The demand for low-volume custom parts in various industries has led to a rise in urethane casting. In 2022, a whopping 25.78 million metric tons of polyurethane were sold globally, and experts predict this number will shoot up to 31.27 million tons by 2030 (Statista).

This cost-effective method is an excellent alternative to traditional techniques like injection molding. If you are into creating prototypes, short-run productions, or specialized components, urethane casting is the way to go! 

This guide will provide all the essential information to understand how to cast urethane, from its process to picking suitable materials. We have also rounded up some pros and cons and explained how this method differs from injection molding. 

What Is the Urethane Casting Method?

Urethane casting, or vacuum casting, is a manufacturing process often used to make custom parts in small quantities. It is an economical alternative to methods like injection molding and is widely used for prototyping, short production runs, and artistic projects.

What Is the Cast Urethane Process?

Here is a step-by-step guide for the cast urethane process:

Step 1: Make a Master Model


This is like the blueprint for your final parts. You can create it in a few ways:

●3D Printing

3D printing builds your model layer by layer. It is a great option for complex shapes; however, it might need some smoothing afterward.

●CNC Machining

CNC machining carves your model out of a block of material. This method is very precise, but it is slower and more expensive than 3D printing.

Step 2: Build a Mold

To make the mold:

●Place the master model in a box and secure it with glue. 

●Use dowel pins to clear the holes in your design during molding. 

●Remove the air bubbles from the silicone rubber before pouring it into the two layers to form the mold. 

Once cured in the oven at 40°C, the mold perfectly captures the master model’s details and is ready for urethane casting.

Step 3: Casting with Urethane Resin

With the mold prepared, you can now create the urethane parts. Prepare the polyurethane resin, preheat it to about 40°C before use, mix the two components of the resin in the correct proportion, then stir and deaerate it thoroughly under vacuum for 50-60 seconds.


Once everything is poured, place the mold in an oven for curing. It is where the urethane resin hardens, transforming it into your desired design. In this step, you can adjust the hardness and rigidity of the part by controlling factors such as the heating time.


urethane casting-X-Rapid-Technologies

The properties of the urethane parts can be similar to ABS, PC, PMMA, soft rubber, etc.

Step 4: Finishing Touches

Once the casting is complete, remove the part from the mold and inspect it carefully. Remove any extra material left from the mold and give it a smooth finish. 

Lastly, you can sandblast the part to get a matte surface or paint it in any color you like for that perfect look. Also, through electroplating, you can get a mirror-like finish.

What Material Is Used for Urethane Casting Mold?

The material used for urethane casting mold is usually silicone. It is a flexible mold material ideal for urethane casting due to heat resistance. Silicone is easy for part removal and reusable for replicas in prototyping and small series.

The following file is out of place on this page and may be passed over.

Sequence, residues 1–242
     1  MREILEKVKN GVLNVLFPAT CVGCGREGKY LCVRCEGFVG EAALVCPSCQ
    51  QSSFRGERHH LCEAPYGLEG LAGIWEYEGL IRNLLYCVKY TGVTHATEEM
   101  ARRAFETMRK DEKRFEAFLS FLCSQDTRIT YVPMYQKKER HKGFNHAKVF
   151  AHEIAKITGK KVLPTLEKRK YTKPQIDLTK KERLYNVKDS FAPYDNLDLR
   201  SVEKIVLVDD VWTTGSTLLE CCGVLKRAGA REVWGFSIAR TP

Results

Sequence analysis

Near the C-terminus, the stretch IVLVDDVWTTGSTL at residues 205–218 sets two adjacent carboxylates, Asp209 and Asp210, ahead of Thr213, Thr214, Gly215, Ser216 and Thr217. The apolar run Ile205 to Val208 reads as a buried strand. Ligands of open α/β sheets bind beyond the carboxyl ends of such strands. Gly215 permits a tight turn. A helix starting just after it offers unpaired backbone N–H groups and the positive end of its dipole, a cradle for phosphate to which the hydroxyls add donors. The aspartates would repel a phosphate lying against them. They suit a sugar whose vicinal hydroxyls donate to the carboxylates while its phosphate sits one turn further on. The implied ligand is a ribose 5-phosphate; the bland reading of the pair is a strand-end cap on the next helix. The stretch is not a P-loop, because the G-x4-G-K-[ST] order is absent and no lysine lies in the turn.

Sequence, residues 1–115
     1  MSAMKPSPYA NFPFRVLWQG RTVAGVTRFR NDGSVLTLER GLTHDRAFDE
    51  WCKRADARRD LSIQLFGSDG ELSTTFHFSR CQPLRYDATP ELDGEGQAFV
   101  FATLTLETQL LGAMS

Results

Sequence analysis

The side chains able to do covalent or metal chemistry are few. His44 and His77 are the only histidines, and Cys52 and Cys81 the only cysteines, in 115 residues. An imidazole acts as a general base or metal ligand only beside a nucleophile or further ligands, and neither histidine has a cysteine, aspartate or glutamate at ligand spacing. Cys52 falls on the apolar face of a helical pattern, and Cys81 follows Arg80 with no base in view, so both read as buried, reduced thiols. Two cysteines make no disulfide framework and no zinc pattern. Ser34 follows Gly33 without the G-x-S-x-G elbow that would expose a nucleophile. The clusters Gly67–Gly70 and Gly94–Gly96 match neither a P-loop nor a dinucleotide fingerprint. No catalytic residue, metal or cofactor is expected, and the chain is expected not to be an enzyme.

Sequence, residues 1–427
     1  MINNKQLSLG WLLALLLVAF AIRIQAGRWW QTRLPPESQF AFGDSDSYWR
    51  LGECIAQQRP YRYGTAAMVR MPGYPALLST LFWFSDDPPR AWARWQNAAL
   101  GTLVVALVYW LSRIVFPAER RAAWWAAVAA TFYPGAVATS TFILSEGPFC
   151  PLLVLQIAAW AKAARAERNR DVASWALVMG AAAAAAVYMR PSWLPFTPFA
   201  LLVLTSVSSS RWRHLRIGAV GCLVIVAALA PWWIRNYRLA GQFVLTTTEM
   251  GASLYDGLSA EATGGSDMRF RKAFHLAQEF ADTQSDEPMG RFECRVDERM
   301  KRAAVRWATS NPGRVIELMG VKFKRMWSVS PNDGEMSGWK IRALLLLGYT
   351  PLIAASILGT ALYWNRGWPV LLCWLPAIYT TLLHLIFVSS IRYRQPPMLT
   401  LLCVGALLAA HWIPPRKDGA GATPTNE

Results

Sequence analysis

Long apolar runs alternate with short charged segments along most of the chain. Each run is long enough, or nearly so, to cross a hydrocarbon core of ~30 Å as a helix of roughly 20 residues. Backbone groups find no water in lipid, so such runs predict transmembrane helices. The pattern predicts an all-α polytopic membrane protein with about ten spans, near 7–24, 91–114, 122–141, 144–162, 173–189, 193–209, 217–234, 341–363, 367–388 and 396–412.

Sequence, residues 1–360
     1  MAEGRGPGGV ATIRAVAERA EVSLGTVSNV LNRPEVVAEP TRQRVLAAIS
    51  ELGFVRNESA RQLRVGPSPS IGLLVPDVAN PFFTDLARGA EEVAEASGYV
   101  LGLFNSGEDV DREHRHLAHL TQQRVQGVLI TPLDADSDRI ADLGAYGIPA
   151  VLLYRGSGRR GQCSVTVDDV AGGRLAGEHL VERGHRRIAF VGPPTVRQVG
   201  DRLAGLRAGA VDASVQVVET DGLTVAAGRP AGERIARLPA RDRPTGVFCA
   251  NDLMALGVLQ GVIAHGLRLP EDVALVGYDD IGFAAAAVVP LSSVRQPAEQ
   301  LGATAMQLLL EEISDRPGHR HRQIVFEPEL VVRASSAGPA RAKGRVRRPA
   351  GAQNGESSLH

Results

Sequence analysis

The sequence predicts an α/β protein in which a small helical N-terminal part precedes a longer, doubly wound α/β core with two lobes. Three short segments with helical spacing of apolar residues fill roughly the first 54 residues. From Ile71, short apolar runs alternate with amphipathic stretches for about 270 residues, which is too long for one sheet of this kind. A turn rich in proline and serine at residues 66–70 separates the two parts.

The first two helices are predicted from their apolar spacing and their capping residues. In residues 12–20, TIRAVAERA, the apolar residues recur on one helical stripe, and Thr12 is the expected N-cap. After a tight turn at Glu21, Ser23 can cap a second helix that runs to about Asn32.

What Are the Advantages and Limitations of Urethane Casting?


● You can create working prototypes at a lower cost, compared to mass production with injection molding. It enables you to test the market before committing to full-scale manufacturing.

● Offers high-quality, production-grade parts for smaller batch runs.

● Captures intricate details and sharp internal corners, making it perfect for creating custom models and props.

● Minimal shrinkage (0.15%) compared to other casting methods.


● Getting consistent colors can be difficult, and painted finishes might give you a different look than you want. 

● The curing process of urethane resin can wear down the mold because it pulls out moisture. 

What Are the Differences Between Urethane Casting and Injection Molding?

● Mold Material and Cost

- Urethane casting uses relatively inexpensive and quicker-to-produce silicone molds.

- Injection molding requires expensive, highly durable steel or aluminum molds that take longer to manufacture.

● Production Volume

- Urethane casting is used for prototypes and low-volume production, 1 to 100 parts per day. 

- Injection molding is best suited for medium to high-volume production, with hundreds to thousands of parts per run. 

● Project Cost

- The urethane casting cost per project can range from a few hundred to thousand dollars.

- On the other hand, injection molding is expensive and costs around $12,000 on average. 

● Turnaround Time

- Urethane casting has faster turnaround times (often weeks) because mold creation is less complicated.

- It takes months for injection molding to complete a production run due to the complexity of the mold and the production process.

● Tooling Costs

- Urethane casting uses relatively inexpensive silicone molds.

- Injection molding requires expensive, durable steel or aluminum molds.

● Design Complexity

- Urethane casting offers more flexibility for intricate designs with undercuts and sharp corners.

- Injection molding may require design modifications for features like undercuts due to mold limitations.


The urethane casting process may appear to be complex. However, that’s not the case! Following the procedure and using the proper materials is a pretty simple way to bring your ideas to life. 

It allows you to create prototypes, small productions, and intricate parts with fast turnaround times. This versatile and economical process is perfect for designers, entrepreneurs, and hobbyists. 

By going through the guide, we hope you have found the information you need to explore the ins and outs of the cast urethane process, the materials used, and how it can benefit you.